I then switched to the “Y” input mode and used the two amps together. I gave this arrangement a couple of tweaks, turning off the Ten2’s tweeter and dialing down the highs. Everything seemed in phase and created a composite sound with strong, tight lows and sweet, crunchy mids and highs.

Okay, time to get back to the sound of the amp itself.

For this segment, I called on a few friends with nice instrument setups and better voices than mine, although I did put my two cents worth in for a few tracks. First, we tried acoustic guitar with a piezo pickup. The sound was luscious with tight, authoritative lows and clear, sweet highs. The mids were musical without a hint of nasality. We then added vox to channel 2 and, once again, after a bit of feedback notching for the small studio room, the sound was authoritative yet as neutral as the RE 20 dynamic mic we were using.

Next came dobro in C tuning. The highs again were sweet without the stridency sometimes associated with a metal slide. The low C string growled with Rottweiler-like authority and Muhammad Ali punch. Removing the ’verb added a bit more to this gut-rattling attack. We then plugged in an electric guitar. Using the bridge humbucker produced some superbly clean “chicken pickin’” with all the snap and pluck you might want—no feather left on that bird! Jazz sounds came next, and what a treat that was. Turning off the tweeter and rounding the sound a bit made for a Joe Pass-like tone to die for. Turning the tweeter back on and playing some tight interval chord-melodies really brought out each interval, along with the total harmonic structure of each chord. (Did I mention that Pat Martino uses AI amps?)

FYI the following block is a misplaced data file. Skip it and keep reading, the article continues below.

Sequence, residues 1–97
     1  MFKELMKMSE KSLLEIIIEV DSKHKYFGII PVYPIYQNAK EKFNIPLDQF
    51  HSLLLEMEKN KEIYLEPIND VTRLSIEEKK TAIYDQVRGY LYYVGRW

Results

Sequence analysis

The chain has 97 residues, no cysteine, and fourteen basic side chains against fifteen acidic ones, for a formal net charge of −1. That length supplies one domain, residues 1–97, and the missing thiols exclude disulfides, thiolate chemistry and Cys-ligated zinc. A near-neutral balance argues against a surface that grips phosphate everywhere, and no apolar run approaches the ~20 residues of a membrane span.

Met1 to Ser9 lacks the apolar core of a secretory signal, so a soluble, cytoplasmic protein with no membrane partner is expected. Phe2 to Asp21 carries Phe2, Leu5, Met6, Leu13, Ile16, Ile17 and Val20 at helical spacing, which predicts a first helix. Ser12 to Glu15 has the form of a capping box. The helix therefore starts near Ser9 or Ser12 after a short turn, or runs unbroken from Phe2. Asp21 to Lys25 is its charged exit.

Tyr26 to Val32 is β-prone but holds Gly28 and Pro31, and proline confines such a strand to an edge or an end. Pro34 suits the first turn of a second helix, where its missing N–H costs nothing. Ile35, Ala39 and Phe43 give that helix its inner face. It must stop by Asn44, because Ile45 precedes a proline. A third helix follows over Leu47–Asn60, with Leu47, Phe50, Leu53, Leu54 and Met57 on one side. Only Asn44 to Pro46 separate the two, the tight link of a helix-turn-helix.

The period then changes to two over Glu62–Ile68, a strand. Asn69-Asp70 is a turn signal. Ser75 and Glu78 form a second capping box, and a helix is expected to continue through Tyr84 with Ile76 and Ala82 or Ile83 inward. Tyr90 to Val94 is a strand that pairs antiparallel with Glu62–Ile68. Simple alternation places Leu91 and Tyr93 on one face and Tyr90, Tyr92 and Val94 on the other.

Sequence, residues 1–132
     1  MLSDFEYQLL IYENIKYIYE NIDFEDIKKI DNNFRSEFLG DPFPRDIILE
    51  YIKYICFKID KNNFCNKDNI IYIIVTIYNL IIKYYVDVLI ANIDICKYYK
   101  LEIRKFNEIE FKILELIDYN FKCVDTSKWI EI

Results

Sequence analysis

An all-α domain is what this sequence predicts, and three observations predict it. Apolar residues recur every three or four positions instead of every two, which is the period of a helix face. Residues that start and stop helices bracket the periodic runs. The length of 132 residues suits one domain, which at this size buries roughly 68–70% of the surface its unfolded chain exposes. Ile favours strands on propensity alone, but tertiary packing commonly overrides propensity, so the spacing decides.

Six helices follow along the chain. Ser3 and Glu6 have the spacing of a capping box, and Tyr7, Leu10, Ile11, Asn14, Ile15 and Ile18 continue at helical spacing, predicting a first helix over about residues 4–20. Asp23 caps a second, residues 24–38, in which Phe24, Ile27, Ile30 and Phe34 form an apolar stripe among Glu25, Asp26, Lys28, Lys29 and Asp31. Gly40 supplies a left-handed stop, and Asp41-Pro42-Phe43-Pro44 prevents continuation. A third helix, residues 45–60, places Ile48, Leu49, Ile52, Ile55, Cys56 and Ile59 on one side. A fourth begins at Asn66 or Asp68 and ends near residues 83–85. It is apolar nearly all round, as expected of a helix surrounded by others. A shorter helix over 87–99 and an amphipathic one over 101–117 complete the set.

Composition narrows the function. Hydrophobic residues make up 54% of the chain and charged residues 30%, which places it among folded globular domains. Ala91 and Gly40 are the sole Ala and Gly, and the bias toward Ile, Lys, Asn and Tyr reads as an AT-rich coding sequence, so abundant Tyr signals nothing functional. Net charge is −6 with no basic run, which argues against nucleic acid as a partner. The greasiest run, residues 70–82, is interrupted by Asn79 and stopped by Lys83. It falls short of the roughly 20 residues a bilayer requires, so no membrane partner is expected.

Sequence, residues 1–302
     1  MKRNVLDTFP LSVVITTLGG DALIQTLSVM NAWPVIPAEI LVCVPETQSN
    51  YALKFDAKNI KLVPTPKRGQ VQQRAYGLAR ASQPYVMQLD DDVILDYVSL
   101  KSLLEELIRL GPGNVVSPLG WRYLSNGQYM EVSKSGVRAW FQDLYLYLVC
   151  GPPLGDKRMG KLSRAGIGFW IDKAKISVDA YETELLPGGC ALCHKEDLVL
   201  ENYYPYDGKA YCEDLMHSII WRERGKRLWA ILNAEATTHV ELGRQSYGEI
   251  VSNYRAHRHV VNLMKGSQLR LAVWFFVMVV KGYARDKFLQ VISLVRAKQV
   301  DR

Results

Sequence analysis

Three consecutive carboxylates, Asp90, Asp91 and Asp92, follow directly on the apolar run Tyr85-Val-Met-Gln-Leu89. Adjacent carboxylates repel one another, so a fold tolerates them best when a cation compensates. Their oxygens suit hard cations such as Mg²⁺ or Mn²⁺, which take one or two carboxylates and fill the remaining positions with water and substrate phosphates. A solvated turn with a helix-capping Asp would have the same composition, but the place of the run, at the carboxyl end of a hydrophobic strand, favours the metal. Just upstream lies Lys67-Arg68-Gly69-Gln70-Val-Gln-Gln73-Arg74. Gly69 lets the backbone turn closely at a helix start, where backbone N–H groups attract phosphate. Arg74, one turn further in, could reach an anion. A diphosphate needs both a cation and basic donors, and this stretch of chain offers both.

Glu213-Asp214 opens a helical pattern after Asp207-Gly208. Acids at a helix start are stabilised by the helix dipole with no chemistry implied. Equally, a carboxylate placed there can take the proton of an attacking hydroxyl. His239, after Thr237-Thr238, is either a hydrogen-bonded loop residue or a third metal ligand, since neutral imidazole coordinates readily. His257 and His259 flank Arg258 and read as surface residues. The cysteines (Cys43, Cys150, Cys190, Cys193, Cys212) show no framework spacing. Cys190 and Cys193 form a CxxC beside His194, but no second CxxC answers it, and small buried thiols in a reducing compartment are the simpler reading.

While you can use the Ten2 in straight-ahead plug ‘n’play, placing all of its features, power and dynamic range requires some knowledge of signal routing and levels. It is possible to harm the amp, making this more of a proaudio product than most guitar amps. But all this versatility and tonal nirvana—combined with a five-year warranty and AI’s legendary customer service—make it very difficult to find any fault whatsoever with the Ten2.

A Bassist’s Perspective
By Dan Berkowitz
I first tried the Ten2 with my trusty G&L L-2500 five-string bass. The result? A solid bottom end that easily hung in, clear down to the low B. The Ten2 doesn’t have the zing of a typical amp designed strictly for electric bass, but its focus, warmth and lack of boominess create a pleasant bass sound that will fit a lot of your small gig settings. I also tried the Ten2 with a fretless bass—the bottom was once again solid, with the focus of its notes beautifully defined.